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Not ALL Frenchmen are Assholes

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The Brave Frenchman who saved baby Bridget has been found.


Julien Duret, 29, is the mystery man who jumped into the frigid East River Saturday and was the first to lift Bridget Sheridan from the water.


"The emotion took over," Duret told the Daily News Tuesday after he was tracked down in his hometown of Lyon, France. "I didn't think at all. It happened very fast. I reacted very fast....I've never done anything like that before."


Duret's act of heroism captivated the city and set off a frenzy to identify the Lone Ranger-like hero.


In his first interview, Duret recounted the dramatic rescue - just hours after Bridget's father, David Anderson, hailed the humble Frenchman for being "the first one in the water" to help save his daughter.


An engineer on vacation in the city, Duret was walking along a pier at the South Street Seaport with his girlfriend when he spotted something falling from the Peking ship.


At first, Duret had no clue it was a little girl.


"I went to see what it was," Duret said. "There was no one around. There was no one on the boat."


"I approached the water and looked down. I thought it was a doll," he said. "Then I realized it wasn't a doll, it was a baby."


In an instant, Duret stripped off his coat and leaped off the pier into the murky water.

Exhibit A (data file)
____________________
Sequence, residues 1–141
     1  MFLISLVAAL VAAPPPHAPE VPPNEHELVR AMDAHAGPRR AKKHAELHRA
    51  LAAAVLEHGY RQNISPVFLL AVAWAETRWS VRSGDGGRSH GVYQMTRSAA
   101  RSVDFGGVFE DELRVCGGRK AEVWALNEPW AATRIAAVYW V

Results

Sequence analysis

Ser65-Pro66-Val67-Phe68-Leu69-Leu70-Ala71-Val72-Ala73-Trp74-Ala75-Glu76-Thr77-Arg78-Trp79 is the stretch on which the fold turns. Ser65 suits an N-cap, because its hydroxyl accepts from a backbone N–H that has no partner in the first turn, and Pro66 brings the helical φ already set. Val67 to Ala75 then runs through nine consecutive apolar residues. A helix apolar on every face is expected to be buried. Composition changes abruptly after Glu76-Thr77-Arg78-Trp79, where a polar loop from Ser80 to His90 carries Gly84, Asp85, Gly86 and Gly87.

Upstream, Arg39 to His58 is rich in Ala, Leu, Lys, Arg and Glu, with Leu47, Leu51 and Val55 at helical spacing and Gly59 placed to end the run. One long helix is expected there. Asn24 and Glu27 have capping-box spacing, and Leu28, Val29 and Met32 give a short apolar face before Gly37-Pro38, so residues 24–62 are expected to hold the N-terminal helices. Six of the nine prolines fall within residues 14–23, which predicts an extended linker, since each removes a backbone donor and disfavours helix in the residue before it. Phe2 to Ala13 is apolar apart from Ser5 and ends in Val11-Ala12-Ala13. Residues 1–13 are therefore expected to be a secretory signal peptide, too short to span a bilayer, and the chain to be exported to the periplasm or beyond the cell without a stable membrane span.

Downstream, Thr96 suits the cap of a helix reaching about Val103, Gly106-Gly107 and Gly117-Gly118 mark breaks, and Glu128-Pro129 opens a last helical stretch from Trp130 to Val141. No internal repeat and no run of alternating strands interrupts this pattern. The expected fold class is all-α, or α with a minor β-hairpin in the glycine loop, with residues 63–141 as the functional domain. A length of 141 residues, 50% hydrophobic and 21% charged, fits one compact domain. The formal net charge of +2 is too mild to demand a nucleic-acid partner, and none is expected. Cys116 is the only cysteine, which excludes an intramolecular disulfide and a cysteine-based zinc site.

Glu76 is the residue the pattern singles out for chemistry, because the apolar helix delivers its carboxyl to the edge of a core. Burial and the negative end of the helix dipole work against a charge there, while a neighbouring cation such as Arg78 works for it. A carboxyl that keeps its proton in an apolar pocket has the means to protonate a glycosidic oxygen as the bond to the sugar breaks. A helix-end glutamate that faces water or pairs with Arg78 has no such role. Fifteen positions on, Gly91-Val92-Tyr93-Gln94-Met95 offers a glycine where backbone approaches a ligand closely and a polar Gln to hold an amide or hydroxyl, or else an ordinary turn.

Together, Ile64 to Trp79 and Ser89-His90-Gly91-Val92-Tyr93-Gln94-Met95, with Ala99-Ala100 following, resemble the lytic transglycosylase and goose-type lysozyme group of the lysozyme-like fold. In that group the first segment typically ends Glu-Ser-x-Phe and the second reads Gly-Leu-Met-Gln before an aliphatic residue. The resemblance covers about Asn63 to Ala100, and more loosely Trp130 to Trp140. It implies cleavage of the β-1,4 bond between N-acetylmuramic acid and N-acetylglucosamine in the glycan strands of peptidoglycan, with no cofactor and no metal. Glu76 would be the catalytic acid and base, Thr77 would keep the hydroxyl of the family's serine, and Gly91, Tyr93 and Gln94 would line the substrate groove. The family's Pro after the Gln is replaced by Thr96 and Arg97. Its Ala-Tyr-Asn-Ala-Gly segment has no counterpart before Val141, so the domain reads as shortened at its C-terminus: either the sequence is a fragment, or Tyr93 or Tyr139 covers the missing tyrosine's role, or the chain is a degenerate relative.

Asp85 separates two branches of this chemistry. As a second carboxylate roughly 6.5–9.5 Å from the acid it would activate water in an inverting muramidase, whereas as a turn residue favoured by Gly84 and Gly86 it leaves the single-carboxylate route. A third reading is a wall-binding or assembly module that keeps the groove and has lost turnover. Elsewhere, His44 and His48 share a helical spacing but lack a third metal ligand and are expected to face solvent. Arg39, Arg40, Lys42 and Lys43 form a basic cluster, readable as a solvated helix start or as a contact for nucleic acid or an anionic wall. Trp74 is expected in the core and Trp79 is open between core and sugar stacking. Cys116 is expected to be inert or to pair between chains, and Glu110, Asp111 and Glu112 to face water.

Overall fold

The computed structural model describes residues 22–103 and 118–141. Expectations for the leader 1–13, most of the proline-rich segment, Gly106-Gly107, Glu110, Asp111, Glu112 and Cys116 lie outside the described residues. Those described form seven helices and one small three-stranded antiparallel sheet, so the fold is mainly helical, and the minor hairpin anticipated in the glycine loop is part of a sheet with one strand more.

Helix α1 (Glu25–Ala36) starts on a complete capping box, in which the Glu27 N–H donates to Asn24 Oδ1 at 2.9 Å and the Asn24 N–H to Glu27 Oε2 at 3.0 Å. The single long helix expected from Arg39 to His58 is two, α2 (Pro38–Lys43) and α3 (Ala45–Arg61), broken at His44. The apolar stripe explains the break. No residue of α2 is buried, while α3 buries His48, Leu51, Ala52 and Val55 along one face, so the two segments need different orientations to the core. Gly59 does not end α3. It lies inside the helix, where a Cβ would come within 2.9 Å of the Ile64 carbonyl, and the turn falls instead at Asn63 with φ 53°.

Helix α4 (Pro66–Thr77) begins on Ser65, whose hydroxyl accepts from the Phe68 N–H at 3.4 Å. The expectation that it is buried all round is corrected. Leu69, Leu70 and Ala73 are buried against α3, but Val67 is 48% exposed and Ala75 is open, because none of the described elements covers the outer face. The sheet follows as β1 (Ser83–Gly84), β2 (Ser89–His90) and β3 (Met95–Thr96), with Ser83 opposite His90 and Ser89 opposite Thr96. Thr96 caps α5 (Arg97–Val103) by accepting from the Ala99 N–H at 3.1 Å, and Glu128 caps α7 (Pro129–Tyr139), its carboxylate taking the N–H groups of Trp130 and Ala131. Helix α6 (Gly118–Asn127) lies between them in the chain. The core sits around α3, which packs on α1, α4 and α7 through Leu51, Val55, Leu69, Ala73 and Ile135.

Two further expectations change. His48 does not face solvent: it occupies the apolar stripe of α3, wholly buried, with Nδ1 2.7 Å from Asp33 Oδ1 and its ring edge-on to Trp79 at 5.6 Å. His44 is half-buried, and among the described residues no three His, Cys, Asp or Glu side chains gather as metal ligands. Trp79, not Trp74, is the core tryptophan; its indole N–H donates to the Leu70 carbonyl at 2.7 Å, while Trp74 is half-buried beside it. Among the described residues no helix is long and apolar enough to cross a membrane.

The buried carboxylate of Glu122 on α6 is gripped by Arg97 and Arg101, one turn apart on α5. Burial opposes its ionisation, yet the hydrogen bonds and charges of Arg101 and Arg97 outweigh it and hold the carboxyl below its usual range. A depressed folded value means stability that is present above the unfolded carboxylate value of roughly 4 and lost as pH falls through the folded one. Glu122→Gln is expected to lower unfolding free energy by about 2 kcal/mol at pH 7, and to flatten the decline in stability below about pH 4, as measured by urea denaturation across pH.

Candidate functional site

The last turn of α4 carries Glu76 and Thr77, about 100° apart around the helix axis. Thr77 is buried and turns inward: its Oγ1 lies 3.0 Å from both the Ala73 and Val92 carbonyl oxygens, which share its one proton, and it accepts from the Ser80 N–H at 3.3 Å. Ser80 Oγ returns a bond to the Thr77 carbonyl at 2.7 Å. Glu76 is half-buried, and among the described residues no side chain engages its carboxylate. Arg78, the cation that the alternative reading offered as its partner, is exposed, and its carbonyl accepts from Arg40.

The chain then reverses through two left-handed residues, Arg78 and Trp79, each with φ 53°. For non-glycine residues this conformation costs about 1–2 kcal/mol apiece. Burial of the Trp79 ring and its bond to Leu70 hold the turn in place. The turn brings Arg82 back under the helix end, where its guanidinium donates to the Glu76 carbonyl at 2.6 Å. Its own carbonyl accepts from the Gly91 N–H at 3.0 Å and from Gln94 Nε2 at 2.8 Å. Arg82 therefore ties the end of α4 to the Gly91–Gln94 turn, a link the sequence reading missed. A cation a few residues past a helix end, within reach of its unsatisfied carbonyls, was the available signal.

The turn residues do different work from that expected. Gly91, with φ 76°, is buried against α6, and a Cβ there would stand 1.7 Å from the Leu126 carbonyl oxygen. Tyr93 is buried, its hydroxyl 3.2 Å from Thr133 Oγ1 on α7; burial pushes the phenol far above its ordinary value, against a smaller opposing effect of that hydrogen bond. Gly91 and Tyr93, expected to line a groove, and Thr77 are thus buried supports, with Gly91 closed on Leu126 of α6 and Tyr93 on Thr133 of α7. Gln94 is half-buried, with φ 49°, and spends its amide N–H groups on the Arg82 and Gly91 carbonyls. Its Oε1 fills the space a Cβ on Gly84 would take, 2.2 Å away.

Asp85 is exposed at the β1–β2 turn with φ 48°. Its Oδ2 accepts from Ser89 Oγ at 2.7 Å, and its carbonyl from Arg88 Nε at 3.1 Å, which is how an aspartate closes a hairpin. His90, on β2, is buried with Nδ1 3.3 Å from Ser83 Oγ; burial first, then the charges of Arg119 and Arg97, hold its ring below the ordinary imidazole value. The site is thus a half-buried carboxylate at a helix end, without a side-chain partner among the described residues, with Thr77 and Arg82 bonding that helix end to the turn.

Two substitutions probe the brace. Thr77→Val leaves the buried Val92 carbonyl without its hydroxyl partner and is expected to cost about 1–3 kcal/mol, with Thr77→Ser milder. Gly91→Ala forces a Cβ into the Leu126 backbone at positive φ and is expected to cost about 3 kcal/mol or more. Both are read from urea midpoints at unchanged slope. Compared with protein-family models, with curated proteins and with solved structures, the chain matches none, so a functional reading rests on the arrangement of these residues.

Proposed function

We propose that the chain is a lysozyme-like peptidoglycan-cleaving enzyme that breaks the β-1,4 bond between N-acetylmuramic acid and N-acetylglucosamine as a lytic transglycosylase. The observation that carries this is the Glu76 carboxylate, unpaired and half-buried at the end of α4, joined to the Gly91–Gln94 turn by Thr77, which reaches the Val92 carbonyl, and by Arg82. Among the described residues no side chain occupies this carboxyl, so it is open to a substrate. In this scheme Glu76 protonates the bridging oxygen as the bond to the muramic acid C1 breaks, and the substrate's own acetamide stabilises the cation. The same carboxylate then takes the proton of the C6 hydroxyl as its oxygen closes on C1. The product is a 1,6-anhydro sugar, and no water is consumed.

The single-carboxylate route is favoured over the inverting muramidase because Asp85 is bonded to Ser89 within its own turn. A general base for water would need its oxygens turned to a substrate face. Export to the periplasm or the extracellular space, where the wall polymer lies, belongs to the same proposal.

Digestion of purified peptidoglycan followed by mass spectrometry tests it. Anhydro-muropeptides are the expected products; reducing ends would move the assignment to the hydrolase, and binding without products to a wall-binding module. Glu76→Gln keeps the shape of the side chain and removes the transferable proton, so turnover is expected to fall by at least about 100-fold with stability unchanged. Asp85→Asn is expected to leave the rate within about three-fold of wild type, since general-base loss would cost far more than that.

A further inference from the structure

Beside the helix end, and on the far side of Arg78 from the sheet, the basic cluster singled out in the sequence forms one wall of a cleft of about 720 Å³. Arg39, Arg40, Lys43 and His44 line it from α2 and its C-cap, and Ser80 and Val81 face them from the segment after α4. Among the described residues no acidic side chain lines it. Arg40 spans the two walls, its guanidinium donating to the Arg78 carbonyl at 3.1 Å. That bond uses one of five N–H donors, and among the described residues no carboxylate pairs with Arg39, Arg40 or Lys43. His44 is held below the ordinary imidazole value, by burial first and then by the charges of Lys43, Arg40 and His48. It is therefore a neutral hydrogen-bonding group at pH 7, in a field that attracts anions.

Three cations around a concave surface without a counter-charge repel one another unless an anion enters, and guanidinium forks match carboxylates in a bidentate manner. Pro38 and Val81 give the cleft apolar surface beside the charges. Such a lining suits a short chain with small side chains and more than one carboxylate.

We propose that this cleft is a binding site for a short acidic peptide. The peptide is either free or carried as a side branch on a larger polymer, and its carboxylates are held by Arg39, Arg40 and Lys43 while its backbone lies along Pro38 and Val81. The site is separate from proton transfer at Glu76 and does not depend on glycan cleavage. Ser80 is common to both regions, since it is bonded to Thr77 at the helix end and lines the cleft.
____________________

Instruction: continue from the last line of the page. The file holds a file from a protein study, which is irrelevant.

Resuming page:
His girlfriend screamed for help.


When Duret reached Bridget, the 2-year-old girl appeared lifeless, he said. Duret feared the worst.


"The child wasn't moving and wasn't crying," he said. "I thought she was dead."


Duret said he scooped up the cold and unresponsive child. Moments later, her father was in the water beside him.


Anderson had sprinted from the top of the gangplank, shedding his phone and wallet along the way, and jumped into the river.


"I gave the father the child," Duret said.


In a now iconic image, splashed across the front page of the Sunday News, Anderson then lifted Bridget out of the water and she opened her eyes.


When Duret finally got back on the pier, he was mobbed by onlookers, who handed the freezing Frenchman their dry clothes.


Anderson spirited his daughter into an ambulance, Duret said, and he caught a cab shortly after.


He never got a chance to speak with Bridget or her dad.


The incredible rescue came on the last day of what was Duret's first trip to the city.


It wasn't until he was leaving the city with his girlfriend the next morning that he realized his tale of heroism had captivated New York.


Still, Duret shrugged off his valiant deed.


"I don't really think I'm a hero," Duret said. "Anyone would do the same thing....I was just happy that I was able to help her, and I am just happy that the family has been reunited."


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